The smoke filling the Anderson residence on King Street was plain to see; the carbon monoxide it carried was not.
Joyce Anderson, her sister Debra and their 89-year-old mother Ruth were watching "Downton Abbey" the night of Sunday, Dec. 27, when Debra suddenly had trouble breathing and seemed incoherent. She'd previously complained of a bad headache, as had Joyce and Ruth.
Debra's unusual behavior spurred Joyce into action and she called 911, describing her sister's symptoms to the dispatcher. That information alerted EMTs, who entered the house with carbon monoxide detectors in hand. They immediately ordered everyone out of the house.
Debra was loaded into the ambulance; Joyce and Ruth grabbed their two dogs and headed to the car. The EMTs quickly informed them they'd be riding in the ambulance as well. Leaving the two dogs behind in the car, the three women were put on oxygen and transported to the emergency room at Delta County Memorial Hospital. All three were found to have carbon monoxide levels well above normal; Debra's were particularly high. Additionally, blood tests revealed an enzyme causing stress on Ruth's heart.
By 3 a.m., Debra and Joyce were cleared to go home but Ruth was admitted to the hospital for additional monitoring.
Later, they learned a cap on the chimney was blocked. Instead of smoke flowing up and out, it was forced back into the house. It was a problem they'd been dealing with off and on ever since they started the furnace in the fall. They'd had the chimney and furnace cleaned beforehand, so thought the smoke was simply the result of the coal they were burning. They also discovered a damper that needed to be opened. "We thought that would solve our problem, but we still had smoke and couldn't figure out where it came from," Joyce said.
During the day Sunday they ran a fan and opened the door to clear the house of smoke, but it was too cold to keep the door open for long. After struggling with a smoky house off and on all day, the smoke finally seemed to dissipate.
It's just a stroke of luck that they didn't go to bed, but instead stayed up late to watch television.
"It was a close call," Joyce said, "but we all came out of it okay and we have heat, so we're kind of back to normal."
Joyce has also replaced the carbon monoxide detector as she'd intended to do for some time.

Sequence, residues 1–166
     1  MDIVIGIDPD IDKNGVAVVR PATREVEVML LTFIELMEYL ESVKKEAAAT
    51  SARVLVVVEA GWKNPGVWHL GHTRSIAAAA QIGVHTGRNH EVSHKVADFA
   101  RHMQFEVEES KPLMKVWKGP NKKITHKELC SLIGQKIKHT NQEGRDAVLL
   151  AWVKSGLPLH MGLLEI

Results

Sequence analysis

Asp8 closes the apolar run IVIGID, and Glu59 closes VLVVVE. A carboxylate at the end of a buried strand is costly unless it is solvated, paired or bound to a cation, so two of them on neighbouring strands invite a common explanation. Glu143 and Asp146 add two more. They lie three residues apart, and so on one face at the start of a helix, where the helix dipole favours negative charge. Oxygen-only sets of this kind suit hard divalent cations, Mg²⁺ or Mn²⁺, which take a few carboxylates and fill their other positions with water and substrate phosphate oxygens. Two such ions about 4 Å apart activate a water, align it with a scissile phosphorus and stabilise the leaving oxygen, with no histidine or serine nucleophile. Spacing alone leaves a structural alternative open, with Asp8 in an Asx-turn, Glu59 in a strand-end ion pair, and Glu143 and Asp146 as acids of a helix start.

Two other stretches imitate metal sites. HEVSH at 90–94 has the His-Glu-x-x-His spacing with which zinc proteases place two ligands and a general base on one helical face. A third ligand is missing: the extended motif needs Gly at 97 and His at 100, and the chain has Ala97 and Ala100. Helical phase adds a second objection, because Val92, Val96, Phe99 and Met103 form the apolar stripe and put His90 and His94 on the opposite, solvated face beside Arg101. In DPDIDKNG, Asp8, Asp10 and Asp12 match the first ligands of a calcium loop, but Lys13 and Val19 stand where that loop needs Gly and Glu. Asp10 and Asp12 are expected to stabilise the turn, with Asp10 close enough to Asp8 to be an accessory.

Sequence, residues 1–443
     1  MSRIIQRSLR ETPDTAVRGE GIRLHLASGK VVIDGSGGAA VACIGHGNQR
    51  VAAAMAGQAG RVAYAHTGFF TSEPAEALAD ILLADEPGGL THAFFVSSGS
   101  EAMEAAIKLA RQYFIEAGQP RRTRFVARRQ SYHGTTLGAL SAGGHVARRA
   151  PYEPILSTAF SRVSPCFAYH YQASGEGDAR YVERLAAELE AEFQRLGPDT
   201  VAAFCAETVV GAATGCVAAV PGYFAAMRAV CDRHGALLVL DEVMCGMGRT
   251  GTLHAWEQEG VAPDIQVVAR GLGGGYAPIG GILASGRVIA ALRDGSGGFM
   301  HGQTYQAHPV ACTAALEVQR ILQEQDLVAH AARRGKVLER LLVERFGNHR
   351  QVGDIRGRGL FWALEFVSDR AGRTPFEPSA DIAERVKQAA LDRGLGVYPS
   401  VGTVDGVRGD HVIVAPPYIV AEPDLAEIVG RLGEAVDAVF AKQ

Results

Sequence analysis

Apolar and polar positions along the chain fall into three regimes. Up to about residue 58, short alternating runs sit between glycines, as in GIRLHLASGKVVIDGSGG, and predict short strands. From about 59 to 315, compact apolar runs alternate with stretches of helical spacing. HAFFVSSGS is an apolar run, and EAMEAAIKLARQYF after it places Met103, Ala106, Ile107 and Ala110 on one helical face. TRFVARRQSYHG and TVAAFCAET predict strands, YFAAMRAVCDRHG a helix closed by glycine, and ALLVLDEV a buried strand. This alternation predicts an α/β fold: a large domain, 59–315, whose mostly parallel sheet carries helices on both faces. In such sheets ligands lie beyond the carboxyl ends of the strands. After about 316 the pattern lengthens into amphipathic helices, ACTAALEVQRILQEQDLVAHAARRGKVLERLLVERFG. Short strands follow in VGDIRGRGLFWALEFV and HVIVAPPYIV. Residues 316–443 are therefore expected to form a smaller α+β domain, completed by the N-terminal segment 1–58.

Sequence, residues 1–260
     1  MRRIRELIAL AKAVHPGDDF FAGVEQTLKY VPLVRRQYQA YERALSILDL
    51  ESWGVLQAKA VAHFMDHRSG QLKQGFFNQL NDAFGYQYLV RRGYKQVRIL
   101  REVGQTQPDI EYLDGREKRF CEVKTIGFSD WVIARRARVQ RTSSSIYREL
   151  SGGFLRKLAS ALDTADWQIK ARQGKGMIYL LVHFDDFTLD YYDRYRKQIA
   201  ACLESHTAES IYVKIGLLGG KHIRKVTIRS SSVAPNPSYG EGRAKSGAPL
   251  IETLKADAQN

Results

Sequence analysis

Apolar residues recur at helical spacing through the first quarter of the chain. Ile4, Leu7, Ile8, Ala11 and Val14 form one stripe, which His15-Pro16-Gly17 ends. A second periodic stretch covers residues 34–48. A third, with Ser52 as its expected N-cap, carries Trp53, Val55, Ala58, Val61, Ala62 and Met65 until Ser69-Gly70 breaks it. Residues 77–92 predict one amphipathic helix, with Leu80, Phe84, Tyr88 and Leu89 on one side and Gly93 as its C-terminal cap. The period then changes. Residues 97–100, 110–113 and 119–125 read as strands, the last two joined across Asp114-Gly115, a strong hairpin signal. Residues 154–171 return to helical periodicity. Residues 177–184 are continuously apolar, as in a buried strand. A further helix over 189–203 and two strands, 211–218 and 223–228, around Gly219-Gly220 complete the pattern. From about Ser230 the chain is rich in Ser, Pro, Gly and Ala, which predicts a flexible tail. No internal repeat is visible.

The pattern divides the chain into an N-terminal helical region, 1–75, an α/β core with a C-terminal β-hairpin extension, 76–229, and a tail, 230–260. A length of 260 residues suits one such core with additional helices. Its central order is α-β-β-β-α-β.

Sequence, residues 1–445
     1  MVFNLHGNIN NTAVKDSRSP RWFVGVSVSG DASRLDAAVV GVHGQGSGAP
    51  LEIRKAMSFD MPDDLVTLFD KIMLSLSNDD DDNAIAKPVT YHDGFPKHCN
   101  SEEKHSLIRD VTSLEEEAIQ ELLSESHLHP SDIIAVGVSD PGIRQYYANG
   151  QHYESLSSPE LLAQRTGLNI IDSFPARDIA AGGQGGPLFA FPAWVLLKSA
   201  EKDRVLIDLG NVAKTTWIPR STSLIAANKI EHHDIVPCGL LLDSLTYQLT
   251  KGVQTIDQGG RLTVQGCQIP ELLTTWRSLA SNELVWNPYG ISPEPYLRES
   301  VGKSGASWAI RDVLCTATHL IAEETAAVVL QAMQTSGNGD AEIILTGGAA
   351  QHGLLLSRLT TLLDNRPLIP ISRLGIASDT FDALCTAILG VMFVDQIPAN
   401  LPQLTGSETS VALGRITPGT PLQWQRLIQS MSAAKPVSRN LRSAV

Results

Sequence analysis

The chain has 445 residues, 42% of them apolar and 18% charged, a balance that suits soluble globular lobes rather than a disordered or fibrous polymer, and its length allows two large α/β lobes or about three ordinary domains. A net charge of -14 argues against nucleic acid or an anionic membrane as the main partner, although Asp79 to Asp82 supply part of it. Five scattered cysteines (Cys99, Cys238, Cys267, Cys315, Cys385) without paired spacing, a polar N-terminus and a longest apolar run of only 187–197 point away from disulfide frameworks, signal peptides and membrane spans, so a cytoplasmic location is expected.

"Smoke alarms and carbon monoxide detectors are definitely good things to have," she said. "Carbon monoxide can sneak up on you. We knew we had smoke, but we never thought about carbon monoxide. It's scary stuff. You don't realize it's there."
The Andersons have high praise for the emergency responders who capably dealt with the situation, from the firefighters to the EMTs to the police officers to hospital personnel. "Everybody did a great job," Joyce said.
The election results are in at the local, state and national level, and as expected, Democrats are doing well in state and national races. Colorado has elected Jared Polis as governor; nationally the Republicans appear to retain control of the Senate while Democrats now control the House of Representative.
With a ballot full of local and state measures, voter turnout in Delta County topped 71%, with 15,889 ballots cast. Statewide, voter turnout was just over 52%.
Of the three Delta County residents seeking state offices, Matt Soper won over Thea Chase in State Representative Dist. 54; Mike Mason lost to Julie McCluskie in State Representative Dist. 61; and Olen Lund lost to Kerry Donovan in State Senate Dist. 5.
Locally, in the City of Delta voters rejected a .5% sales tax increase to fund recreation, as well as recreational marijuana sales. The sale of medical marijuana and cultivation/manufacturing facilities was approved by a slim margin. Delta voters also gave the city the green light to move forward with selling or trading the Cottonwood and Riverbend Park, and to sell the old Municipal Light and Power Building.